Birds living in cities change cognition, behavior, and physiology to adapt to their busy urban surroundings.
A team of researchers at McGill University have found that birds living in urban environments, like big cities, adapt more effectively than their country counterparts, allowing them to better exploit necessary resources. This is the first study to pinpoint a clear cognitive difference between birds from cities and rural areas.
The researchers tested two groups of native bullfinch birds from Barbados, some from urbanized areas with lots of human settlement and the others from rural and untouched country parts, and assessed the birds on associated learning, and problem solving tasks.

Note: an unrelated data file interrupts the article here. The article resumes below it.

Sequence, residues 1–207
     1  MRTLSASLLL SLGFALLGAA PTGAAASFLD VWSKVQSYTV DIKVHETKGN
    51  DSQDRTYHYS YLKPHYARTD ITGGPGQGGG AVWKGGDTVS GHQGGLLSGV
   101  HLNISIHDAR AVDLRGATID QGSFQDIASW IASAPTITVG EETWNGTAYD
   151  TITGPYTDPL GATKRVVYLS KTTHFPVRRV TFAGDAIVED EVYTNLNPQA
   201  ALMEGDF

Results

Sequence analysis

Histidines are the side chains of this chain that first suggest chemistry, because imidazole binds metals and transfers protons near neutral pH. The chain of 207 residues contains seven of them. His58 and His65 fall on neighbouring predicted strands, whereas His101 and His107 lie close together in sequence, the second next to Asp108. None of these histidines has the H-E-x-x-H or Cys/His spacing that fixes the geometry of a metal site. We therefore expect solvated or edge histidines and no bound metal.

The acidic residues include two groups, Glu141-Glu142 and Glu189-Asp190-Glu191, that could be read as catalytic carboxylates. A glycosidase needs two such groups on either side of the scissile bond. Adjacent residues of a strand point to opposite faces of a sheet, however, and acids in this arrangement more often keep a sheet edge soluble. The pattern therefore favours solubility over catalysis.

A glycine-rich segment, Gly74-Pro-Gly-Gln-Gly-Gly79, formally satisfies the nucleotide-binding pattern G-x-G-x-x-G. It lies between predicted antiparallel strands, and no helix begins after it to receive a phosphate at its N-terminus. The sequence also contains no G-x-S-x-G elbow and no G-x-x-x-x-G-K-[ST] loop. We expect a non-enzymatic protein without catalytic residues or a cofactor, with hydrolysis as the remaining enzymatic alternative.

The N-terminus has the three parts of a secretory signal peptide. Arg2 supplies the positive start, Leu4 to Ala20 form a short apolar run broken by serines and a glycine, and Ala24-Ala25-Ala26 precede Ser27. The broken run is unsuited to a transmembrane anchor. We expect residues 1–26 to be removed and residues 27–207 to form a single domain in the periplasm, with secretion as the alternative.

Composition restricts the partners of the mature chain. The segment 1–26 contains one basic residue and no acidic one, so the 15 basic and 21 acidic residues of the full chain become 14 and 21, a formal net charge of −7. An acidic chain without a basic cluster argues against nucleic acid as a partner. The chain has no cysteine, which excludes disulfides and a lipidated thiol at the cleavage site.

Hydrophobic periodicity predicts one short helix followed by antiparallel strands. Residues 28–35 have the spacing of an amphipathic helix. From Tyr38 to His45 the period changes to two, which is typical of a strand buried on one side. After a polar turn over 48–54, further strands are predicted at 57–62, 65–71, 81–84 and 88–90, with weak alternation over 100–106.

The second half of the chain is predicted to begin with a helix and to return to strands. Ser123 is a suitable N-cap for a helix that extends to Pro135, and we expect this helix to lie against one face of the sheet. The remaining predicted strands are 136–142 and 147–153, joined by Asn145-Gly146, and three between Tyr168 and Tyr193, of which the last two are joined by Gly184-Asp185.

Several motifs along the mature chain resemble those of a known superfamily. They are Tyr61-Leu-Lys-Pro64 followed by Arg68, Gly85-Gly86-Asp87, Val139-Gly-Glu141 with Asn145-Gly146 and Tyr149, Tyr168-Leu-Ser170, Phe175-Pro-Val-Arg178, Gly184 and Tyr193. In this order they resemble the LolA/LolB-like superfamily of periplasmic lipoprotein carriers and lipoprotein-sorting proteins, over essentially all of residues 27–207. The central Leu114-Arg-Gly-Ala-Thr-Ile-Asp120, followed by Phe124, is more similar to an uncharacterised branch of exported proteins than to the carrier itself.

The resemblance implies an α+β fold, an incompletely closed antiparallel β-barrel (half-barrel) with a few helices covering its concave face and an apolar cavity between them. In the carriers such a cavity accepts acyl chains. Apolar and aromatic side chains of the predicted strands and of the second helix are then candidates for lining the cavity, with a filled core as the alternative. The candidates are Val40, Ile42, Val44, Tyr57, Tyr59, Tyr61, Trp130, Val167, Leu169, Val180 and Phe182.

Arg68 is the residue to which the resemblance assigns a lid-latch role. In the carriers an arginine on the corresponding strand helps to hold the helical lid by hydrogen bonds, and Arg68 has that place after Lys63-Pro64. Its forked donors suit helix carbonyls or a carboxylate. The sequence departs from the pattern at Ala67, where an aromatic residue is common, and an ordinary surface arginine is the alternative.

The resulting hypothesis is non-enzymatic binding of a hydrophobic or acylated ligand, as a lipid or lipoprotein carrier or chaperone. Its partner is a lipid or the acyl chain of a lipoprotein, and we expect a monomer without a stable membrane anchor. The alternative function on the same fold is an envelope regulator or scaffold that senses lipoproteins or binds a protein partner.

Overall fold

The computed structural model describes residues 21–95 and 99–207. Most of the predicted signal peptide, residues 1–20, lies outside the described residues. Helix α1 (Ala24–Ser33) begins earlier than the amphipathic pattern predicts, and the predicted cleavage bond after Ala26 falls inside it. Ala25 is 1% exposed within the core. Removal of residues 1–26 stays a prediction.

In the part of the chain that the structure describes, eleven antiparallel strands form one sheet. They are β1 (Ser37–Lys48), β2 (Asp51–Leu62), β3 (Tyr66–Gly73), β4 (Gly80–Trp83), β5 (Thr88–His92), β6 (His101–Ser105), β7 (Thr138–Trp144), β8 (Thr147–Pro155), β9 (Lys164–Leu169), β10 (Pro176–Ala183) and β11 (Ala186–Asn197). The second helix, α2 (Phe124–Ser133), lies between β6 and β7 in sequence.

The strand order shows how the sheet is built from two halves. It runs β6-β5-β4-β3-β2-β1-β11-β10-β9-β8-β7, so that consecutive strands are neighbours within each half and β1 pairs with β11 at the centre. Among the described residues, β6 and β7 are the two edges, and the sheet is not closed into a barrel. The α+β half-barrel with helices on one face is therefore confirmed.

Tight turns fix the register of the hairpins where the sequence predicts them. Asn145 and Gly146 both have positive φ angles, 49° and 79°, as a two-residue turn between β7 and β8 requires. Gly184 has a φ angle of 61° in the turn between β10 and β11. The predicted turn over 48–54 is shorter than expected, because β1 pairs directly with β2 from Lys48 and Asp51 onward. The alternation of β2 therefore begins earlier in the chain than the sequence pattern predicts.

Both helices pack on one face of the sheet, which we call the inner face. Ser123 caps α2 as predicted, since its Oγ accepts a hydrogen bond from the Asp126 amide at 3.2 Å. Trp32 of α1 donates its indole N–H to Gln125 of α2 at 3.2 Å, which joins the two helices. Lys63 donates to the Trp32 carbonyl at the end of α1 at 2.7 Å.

The video below discusses the research that was done by the team at McGill University:
Lead author of the study, Jean-Nicolas Audet, stated in a news release,“We found that not only were birds from urbanized areas better at innovative problem-solving tasks than bullfinches from rural environments, but that surprisingly urban birds also had a better immunity than rural birds.”
He went on to say, “Since urban birds were better at problem-solving, we expected that there would be a trade-off and that the immunity would be lower, just because we assumed that you can’t be good at everything’ (in fact, both traits are costly). It seems that in this case, the urban birds have it all.”
The study was published in the journal Behavioral Ecology.